Fix the Cause of Your Sexual Abuse Epidemic, Not Just the Symptoms
For decades, USA Swimming has treated the sexual abuse of minor swimmers as a “symptom” by focusing treatment on the coach. This treatment has primarily consisted of covering up for the criminal sexual behavior of its member coaches. This widespread cover up within USA Swimming has been well chronicled.
This Open Letter is demanding that Mr. Tim Hinchey, CEO of USA Swimming, fix the root cause of the sexual abuse epidemic which continues to afflict the sport of swimming. Having been deeply involved in the handling of sex abuse claims against USA Swimming for more than a decade, it is clear to us that there remains a deeply embedded culture within your organization which condones the criminal sexual behavior of coaches towards its underage athletes. This culture is similar to that of the Catholic Church, where a long-standing unofficial code enabled rampant sexual abuse by punishing those who report and rewarding those who remain silent.
This must end, and it must end now.
On June 10, 2020, we held a press conference to announce the filing of several new lawsuits against USA Swimming. At that time, we asked that you, Mr. Hinchey, take immediate action against those who enabled the pervasive sex abuse within your sport. While some action was taken by you since that time with regard to a few individuals, only one is known to have any involvement in this scandal. Further, there was nothing said or done by you to indicate these actions were taken in response to our demand to clean up the sport.
On behalf of the survivors of USA Swimming coaching sexual abuse, I am once again asking that you, Mr. Hinchey, immediately start dismantling the culture that has been responsible for the sexual abuse of countless minor swimmers. This needs to start with you publicly and permanently banning at a minimum the following eight (8) individuals from USA Swimming. Please do not pass the buck to the U.S. Center for SafeSport or use the “rape and escape” trick that has allowed coaches to resign with their reputations fully intact while evading USA Swimming punishment. Under Article 405 of USA Swimming’s Rule Book, you have the authority to order emergency hearings on matters which if not immediately resolved could cause imminent and irreparable harm to your child members. You must use these powers to expel the following persons from USA Swimming:
- Murray Stephens
- Stephens was the head coach at North Baltimore Aquatics Club in Maryland, home of Michael Phelps, for 35 years and coached for Team USA in the 1996 Olympic Games.
- USA Swimming has known since as late as October 2011 that Stephens is a sexual predator. Instead of banning him, USA Swimming allowed Stephens to quietly resign and be showered with accolades and honors, including the American Swim Coaches Association (“ASCA”) Hall of Fame.
- Paul Bergen
- Bergen served on USA Swimming coaching staffs to World Championships in 1975, 1978 and 1982 and was an Olympic coach in 1980, 1984, 1988 and 2000.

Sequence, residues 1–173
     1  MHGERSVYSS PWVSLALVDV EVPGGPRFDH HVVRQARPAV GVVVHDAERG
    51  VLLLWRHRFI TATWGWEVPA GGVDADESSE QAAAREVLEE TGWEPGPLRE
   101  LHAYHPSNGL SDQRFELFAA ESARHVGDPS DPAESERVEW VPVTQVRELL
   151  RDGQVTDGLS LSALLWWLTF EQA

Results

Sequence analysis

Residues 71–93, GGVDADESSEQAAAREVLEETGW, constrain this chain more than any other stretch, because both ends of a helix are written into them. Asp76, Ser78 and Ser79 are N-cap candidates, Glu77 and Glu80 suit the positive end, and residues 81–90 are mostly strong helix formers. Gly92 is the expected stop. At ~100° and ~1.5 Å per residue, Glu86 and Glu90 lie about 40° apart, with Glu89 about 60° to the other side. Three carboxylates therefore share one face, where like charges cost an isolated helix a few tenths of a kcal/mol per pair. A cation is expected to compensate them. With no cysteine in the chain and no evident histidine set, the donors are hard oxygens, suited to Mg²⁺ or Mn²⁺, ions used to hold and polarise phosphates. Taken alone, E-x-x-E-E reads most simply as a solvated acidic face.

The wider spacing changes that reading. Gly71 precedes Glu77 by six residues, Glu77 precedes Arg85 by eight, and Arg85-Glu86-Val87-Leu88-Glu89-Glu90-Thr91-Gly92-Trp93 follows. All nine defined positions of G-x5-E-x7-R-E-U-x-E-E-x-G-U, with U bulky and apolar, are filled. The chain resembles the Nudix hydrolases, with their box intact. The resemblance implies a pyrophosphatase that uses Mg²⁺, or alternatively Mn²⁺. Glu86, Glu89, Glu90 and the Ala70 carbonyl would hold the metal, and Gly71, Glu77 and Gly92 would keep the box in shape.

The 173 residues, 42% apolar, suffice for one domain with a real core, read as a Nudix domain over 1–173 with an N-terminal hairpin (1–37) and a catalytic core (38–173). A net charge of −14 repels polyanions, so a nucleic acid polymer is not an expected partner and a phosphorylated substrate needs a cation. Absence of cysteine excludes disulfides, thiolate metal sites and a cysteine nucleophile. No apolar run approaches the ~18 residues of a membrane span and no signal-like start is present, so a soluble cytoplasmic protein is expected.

- USA Swimming has known for years that Bergen sexually abused Olympian and gold medal winner Deena Deardurff-Schmidt throughout her teenage years. USA Swimming has refused to ban Bergen, creating the excuse that Bergen’s crimes occurred prior to USA Swimming’s formation in 1980. Instead, USA Swimming honored Bergen by naming an international swim meet for young kids after him. Bergen’s name was not removed from that meet until we publicly called attention to it in 2013.
- John Leonard
- Leonard is currently in a leadership role with USA Swimming and remains active with ASCA, a lobby mechanism for swim coaches across America designed to oppose any regulations on coaches it represents.
- As the head of ASCA for over 30 years, Leonard was responsible for the decision to honor Stephens with a spot in the ASCA Hall of Fame, knowing full well his history of sex abuse. The same year, Leonard put coach Pete Malone in the ASCA Hall of Fame, following Malone’s sudden resignation from the Kansas City Blazers.
- When Everett Uchiyama was abruptly and quietly removed from his position as National Team Director of USA Swimming for his admitted sexual abuse of a minor female swimmer, Leonard dismissed this criminal activity as the “errors of a young man”. After Uchiyama was peddled to a nearby posh country club in Colorado Springs, Leonard, on behalf of ASCA, awarded him with a coveted swim school franchise for use at the club’s aquatic center through which Uchiyama would have access to minors.
- In leadership positions with USA Swimming since 1990, Leonard has acted as a vocal and determined opponent to meaningful solutions to protect children from abuse, including working against a Code of Conduct, Zero Tolerance Policy, Child Protection Policy and expanded background checks.
- Mary Jo Swalley
- Swalley, as head of USA Swimming’s Southern California regional arm, or “local swim committee” (“LSC”), since 1989, virtually handed over a young teenage swimmer to Uchiyama. Swalley did not intervene nor pay for separate hotel rooms for the swimmer and Uchiyama to attend junior nationals, allowing Uchiyama to abuse the swimmer in the hotel room they shared. When this swimmer’s sexual abuse claim came to light several years later, Swalley lamented at a USA Swimming-related board meeting that she mishandled the situation and openly feared that she would be treated as the “fall guy” due to the sexual abuse that followed.